Viagogo, which made major headlines earlier this week with the announcement of its agreement to purchase StubHub for just over $4 billion, is back on Google’s paid search AdWords platform, according to multiple outlets. The resale marketplace, based in Switzerland, had been booted from the platform after intense pressure from music industry-backed media campaigns in July.
“After having worked closely with [Google] in the background,” a spokesperson told IQ, the ads were quietly reinstated last week. “The company has worked closely with Google and is pleased with this outcome.”
Viagogo has yet to be reinstated in the Czech Republic, Sweden, Finland, Hungary, Japan, Slovakia, and Taiwan. Google is reportedly waiting on confirmation from regulators in those countries that Viagogo is in compliance with local laws in each. But the marketplace is back topping search results elsewhere already as of earlier this week.
According to IQ, the reinstatement on the platform indicates that the company has been deemed to be in compliance with numerous criteria which Google requires of ticket resale platforms, criteria introduced specifically to that one business model back in 2017. To participate in the Search Engine Marketing system on the highest-trafficked website in the world, according to Alexa, Viagogo had to:
- To cease advertising where doing so breaches the law, and come into compliance with local legal and regulatory requirements, including ensuring that all consumer warnings issued by official authorities are appropriately remediated
- Make clear the total ticket price at the beginning of the customer journey, as well as separating out the fees, as is required by the Google Ads event ticket sales policy
- Make clear any applicable delivery fees
- Make clear that tickets subject to resale restrictions may not provide access to the event (the full disclaimer, approved by the UK’s CMA and also used in other territories, reads: “Please note that your ticket may be invalid for entry to the event. It’s only in rare cases that customers have been refused entry to events similar to this, although those events may not have had resale restrictions. You will be protected by our guarantee if you attempt entry and are refused. That’s our promise – enjoy the event.”)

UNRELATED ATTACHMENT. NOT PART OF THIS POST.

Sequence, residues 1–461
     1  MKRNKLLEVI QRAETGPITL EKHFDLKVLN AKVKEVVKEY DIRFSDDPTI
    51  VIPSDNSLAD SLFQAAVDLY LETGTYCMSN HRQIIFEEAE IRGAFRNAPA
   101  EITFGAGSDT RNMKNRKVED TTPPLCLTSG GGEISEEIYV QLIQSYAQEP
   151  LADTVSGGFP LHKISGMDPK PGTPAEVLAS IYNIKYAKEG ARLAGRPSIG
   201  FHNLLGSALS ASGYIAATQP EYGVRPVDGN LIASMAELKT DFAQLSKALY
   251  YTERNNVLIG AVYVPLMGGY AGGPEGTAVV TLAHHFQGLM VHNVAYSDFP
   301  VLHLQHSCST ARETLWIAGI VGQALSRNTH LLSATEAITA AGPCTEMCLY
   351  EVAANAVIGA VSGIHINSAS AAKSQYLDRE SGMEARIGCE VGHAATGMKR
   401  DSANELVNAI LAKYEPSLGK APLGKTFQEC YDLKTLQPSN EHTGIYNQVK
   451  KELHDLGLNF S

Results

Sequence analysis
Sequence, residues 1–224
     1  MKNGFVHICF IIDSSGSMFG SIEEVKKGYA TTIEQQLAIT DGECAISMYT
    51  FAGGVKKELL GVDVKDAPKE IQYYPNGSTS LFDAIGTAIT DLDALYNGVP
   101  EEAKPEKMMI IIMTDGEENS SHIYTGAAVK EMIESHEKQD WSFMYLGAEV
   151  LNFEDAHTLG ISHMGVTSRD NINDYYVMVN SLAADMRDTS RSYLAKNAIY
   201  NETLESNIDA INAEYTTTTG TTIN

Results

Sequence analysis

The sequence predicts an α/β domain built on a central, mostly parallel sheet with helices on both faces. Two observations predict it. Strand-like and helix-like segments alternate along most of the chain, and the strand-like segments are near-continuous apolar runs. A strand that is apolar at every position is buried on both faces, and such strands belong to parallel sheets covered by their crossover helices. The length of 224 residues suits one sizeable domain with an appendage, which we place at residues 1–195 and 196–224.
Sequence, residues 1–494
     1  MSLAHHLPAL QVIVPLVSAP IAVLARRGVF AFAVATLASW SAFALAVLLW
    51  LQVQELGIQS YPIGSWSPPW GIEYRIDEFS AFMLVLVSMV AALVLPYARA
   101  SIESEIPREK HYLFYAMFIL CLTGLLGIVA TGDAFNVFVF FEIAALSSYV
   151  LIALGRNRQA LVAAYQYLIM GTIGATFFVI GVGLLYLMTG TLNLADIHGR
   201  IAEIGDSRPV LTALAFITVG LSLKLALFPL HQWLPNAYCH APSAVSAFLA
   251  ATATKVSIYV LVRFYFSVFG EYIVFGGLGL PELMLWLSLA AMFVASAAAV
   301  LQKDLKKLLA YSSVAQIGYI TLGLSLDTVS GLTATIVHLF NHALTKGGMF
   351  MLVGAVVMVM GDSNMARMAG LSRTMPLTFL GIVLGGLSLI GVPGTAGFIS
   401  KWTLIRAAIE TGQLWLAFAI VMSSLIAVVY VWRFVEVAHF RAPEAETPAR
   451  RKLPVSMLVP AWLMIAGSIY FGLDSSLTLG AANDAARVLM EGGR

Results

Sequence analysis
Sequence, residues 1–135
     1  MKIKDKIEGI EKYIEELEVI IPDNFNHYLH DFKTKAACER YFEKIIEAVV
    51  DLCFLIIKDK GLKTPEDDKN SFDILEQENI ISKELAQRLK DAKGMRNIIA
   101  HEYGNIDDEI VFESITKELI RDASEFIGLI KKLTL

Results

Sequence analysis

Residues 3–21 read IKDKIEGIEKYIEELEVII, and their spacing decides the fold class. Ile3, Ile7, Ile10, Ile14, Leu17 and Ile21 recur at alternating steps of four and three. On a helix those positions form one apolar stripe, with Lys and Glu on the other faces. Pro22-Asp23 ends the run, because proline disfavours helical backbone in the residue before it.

- Cease advertising tickets for resale where resale is “legitimately prohibited”
- Cease claiming that tickets are valid when organisers and event promoters find them invalid
In a statement, a Google spokesperson says: “Any advertiser can appeal a suspension, and if we find that they have made appropriate changes to their account they may be eligible for reactivation.
“We still continue to enforce our policies and we will take action against ads or accounts that violate our policies.”
The news comes as a blow to the various foes of Viagogo, which include promoter interests like the Fan Fair Alliance in the UK, which has long campaigned against Viagogo. In July, upon news of Google’s suspension of the company from AdWords, spokesperson Adam Webb called the action a “landmark moment,” and a “major step forward” while pointing out that it had been pushing for the suspension for over two years.
In September, after Viagogo made changes that brought it into compliance and ended litigation pursued by the Competition and Markets Authority in the UK (also pushed and promoted by FanFair), Webb ripped the government agency for relinquishing its “grip” on the company, which he referred to as a “rogue business.” The organization has yet to release a statement regarding its return to Google search rankings, though it has retweeted several angry comments from others, and issued a comment following the announced acquisition of StubHub indicating its position that the purchase felt “like a desperate move from both parties.”
It is unknown whether or not the Viagogo brand will be expanded in the United States, or if the company will rely primarily on the StubHub brand here (assuming the purchase clears regulatory hurdles prior to its estimated January 2020 closing), but IQ reports that the resale site is already back atop paid spots for several popular terms in the UK, where it is based.